Dr. Orthochick: Hip Dislocation

I was supposed to have a “research day” yesterday, which would have been really nice since Dr. Jewish emailed me to inform me that my whole “summary” section for my paper sucked and i had to redo it since it did not “emphasize the points of this paper or convince the orthopedic surgeon that this paper is in any way useful or relevant.” He also asked me if I wanted to help him with a project, which means I have 3 projects going and potentially 2 more starting soon. So yeah, a research day would have been nice and I would have actually used it to get research done, thankyouverymuch.

As luck would have it, I had to cover a Dr. Grandpa case. It looked like a cool case, it was a hip replacement but the lady had a really deformed hip socket so it was going to be done a special way. The advantage to this is that it’s a cool case, the disadvantage is that I don’t get to do much. but I like hip replacements so OK, I’m cool with the whole thing. The surgery went fine and I ordered a postoperative xray to be done in the recovery room because that’s Dr. Grandpa’s MO. By that point it was around 10:30AM so I figured I could stick around and wait for the xray results and the results of the patient’s hemoglobin and then head out to get some research work done.

I got paged by the xray tech who said “I’m not sure, but the hip looks dislocated.”

If you think a hip looks dislocated, it probably is. It’s one of those radiographic findings that’s pretty hard to screw up. I’m pretty sure if you showed the xray to a bunch of laymen standing in Times Square, they could probably identify a hip dislocation. So I pulled up the xray and not only was the hip dislocated, but the whole hip socket had been ripped away from the rest of the pelvis.

If your hip dislocates, you can just do a closed reduction. If your hip socket gets pulled out of your pelvis, that’s a bigger issue. So I frantically called Dr. Grandpa to tell him, left him a voicemail saying to call me back ASAP, sent him a text to call me back ASAP, tried calling him again, and finally established connection 20 minutes later. I also sent him a picture of the xray, he said he was driving back to the hospital now and to please tell the patient.


The patient was surprisingly nice about it, I told her what happened, she said “shit,” and I said “yeah, that’s pretty much what I said.” Her daughter and husband were not quite as understanding, so I figured the learning experience in all this was to only deliver bad news when people are waking up from general anesthesia. I showed them the xray, they demanded to know how this happened. Um, good question. They also demanded to know what we would do if the revision didn’t work. Um, equally good question. I would say try Plan C, but they would probably ask me what that was and I didn’t really have a great answer. I could probably make up something and use enough scientific terminology that they wouldn’t question it, but that seemed a tad unethical.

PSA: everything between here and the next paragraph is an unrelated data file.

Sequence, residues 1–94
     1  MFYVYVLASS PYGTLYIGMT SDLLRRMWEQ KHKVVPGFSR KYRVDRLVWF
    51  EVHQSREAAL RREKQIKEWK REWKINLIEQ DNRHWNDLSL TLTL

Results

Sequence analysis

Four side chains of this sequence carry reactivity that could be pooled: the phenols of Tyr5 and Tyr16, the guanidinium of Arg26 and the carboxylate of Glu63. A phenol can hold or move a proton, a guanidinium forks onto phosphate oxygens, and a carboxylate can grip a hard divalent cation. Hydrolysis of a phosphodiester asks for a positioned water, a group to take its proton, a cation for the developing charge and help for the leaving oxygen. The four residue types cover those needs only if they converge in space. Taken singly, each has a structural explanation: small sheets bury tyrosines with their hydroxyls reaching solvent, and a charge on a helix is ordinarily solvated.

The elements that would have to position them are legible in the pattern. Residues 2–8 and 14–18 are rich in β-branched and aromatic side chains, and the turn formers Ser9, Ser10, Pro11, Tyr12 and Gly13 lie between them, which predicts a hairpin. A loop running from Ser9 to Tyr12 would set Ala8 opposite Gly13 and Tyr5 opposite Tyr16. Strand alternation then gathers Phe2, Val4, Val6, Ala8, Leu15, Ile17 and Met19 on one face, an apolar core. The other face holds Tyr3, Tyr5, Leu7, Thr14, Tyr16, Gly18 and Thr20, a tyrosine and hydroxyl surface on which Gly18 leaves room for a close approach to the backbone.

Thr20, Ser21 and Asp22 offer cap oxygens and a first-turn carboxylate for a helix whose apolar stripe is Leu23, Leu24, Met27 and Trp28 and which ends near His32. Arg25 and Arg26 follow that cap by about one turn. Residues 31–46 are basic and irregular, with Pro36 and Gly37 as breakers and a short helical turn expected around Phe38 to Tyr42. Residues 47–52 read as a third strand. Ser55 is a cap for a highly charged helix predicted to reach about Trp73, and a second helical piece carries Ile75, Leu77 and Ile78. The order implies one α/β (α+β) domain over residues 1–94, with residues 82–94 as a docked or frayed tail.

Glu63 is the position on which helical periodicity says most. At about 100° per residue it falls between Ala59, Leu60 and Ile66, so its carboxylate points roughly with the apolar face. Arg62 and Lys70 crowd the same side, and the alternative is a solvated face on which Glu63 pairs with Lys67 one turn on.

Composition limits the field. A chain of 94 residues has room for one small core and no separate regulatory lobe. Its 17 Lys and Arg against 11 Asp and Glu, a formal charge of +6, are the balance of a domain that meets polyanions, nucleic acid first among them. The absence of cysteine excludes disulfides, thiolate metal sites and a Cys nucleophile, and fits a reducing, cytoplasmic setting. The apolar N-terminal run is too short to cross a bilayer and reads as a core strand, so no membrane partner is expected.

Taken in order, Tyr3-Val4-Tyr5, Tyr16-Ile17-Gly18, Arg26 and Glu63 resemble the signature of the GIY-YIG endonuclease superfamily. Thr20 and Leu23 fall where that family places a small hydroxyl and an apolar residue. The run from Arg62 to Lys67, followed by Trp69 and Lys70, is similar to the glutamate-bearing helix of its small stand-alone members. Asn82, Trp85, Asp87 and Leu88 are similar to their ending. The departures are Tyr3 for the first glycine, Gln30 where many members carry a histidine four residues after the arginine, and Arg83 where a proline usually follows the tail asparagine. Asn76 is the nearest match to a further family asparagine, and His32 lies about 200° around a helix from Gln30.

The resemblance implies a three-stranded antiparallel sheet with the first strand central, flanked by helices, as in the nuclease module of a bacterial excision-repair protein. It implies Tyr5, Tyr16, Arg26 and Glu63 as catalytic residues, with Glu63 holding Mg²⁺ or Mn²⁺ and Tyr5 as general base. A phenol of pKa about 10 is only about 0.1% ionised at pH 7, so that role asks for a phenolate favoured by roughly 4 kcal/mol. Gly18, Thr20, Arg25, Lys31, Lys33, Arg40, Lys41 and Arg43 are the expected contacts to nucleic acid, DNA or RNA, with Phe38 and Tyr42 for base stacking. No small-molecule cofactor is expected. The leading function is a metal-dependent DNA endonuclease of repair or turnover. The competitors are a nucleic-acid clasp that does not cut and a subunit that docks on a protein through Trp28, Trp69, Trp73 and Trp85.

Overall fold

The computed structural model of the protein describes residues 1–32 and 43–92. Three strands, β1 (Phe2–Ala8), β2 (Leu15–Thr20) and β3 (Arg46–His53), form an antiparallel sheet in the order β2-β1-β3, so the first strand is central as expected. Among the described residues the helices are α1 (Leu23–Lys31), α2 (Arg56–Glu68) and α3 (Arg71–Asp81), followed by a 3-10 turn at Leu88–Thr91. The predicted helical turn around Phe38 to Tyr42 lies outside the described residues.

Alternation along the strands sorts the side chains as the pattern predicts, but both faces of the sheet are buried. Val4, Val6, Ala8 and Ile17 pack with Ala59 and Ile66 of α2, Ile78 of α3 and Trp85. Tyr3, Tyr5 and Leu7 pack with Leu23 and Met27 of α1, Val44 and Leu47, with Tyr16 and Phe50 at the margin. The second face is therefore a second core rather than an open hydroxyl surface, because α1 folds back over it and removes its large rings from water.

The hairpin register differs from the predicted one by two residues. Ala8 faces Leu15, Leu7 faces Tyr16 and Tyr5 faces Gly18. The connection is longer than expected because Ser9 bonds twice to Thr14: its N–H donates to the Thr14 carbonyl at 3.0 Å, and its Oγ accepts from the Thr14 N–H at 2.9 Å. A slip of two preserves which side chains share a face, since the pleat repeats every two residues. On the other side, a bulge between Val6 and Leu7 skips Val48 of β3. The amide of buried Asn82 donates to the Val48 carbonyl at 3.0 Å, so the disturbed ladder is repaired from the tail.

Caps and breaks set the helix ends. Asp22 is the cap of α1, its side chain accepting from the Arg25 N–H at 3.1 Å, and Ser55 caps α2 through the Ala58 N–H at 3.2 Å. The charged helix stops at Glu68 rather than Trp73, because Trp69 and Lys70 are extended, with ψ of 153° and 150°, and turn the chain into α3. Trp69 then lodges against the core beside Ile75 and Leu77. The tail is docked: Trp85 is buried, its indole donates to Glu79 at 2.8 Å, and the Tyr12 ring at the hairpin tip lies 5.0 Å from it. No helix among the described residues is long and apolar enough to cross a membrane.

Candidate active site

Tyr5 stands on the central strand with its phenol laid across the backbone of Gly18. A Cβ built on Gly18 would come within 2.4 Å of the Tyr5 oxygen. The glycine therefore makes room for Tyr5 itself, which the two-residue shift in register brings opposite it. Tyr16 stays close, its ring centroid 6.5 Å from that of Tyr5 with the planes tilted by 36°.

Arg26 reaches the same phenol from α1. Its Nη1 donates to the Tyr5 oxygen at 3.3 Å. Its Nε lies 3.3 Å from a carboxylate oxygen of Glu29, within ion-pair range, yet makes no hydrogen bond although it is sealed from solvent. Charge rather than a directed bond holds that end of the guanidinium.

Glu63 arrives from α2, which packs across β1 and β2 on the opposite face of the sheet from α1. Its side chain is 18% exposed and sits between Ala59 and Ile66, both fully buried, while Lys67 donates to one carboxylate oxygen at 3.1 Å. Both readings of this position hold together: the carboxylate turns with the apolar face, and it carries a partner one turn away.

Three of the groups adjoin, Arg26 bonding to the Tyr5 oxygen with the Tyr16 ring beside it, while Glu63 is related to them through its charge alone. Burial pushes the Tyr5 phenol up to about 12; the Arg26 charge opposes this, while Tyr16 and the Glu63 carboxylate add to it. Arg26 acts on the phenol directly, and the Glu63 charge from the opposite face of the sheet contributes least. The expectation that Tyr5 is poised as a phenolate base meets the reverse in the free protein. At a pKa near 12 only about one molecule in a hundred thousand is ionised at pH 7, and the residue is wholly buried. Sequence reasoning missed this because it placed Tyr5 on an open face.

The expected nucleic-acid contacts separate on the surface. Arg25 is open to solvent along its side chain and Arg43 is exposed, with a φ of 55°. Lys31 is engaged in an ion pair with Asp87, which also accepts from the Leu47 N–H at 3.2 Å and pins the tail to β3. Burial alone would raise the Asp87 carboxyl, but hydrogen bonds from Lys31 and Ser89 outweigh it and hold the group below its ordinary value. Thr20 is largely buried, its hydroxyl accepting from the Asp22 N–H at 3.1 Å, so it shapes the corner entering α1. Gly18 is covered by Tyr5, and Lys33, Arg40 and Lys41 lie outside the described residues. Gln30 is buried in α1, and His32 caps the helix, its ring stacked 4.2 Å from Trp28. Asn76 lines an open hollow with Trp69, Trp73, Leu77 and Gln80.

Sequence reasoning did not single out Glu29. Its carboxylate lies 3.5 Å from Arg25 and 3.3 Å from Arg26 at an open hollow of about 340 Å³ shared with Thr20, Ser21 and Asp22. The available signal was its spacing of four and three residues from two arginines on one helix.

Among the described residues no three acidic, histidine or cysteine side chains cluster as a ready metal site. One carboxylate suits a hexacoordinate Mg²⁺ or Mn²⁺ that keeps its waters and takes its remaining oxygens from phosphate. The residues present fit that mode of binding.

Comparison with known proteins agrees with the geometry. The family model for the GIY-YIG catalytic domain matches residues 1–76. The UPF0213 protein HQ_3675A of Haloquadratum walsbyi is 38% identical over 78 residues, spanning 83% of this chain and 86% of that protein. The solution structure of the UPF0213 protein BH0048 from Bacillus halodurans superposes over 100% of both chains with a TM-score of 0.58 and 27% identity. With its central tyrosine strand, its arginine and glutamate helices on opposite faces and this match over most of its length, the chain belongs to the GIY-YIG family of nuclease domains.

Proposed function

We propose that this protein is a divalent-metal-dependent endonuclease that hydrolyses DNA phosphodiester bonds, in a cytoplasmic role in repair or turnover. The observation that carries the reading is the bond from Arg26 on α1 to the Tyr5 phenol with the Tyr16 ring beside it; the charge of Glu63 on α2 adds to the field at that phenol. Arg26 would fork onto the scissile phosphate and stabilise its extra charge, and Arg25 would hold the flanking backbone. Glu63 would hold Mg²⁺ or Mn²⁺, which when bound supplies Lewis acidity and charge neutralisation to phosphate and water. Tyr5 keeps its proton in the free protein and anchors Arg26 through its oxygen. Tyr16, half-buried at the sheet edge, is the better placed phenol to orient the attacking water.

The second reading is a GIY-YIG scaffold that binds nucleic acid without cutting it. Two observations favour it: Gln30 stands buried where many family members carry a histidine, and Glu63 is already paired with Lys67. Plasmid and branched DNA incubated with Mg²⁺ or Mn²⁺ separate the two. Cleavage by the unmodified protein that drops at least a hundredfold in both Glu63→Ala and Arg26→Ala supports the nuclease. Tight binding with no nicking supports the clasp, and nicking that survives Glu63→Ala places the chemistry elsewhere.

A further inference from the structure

Dr. Grandpa showed up an hour later and we took the patient back to the OR to start the surgery.

The problem was, when we got in there and discovered there was a huge chunk missing from the hip socket, Dr. Grandpa decided to use trabecular augment. Which is not the wrong thing to do in that situation, except we don’t keep trabecular augment at this hospital. We don’t even keep it in this city. So the patient got an extra hour of general anesthesia and Dr. Grandpa and I played 6 games of tic-tac-toe with the sterile pen. (all ties) Then the scrub tech and I played hangman with the sterile pen until the sterile pen ran out of ink and we thumb wrestled in sterile gloves. Then Dr. Grandpa told us to knock it off so we stood there and stared at each other until someone put the radio on.

So yeah, the whole day went a lot longer than expected. but at least the patient had her surgery and she seemed to be doing OK this morning. So fingers crossed this works, because if not, well, I guess we have to come up with a plan C.

Originally on Dr. Fizzy

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Dr. Fizzy

Freida McFadden is a midwestern physician who has finally finally finally come to the end of her grueling medical training, and at last she has enough time to publish the wealth of cartoons she's created over the years. If you enjoy them, please comment. If you don't enjoy them, then you can just keep your fool mouth shut. Read the rest at Doccartoon.blogspot.com, and make sure to check out her books, A Cartoon Guide To Becoming A Doctor, and The Devil You Know, on Amazon!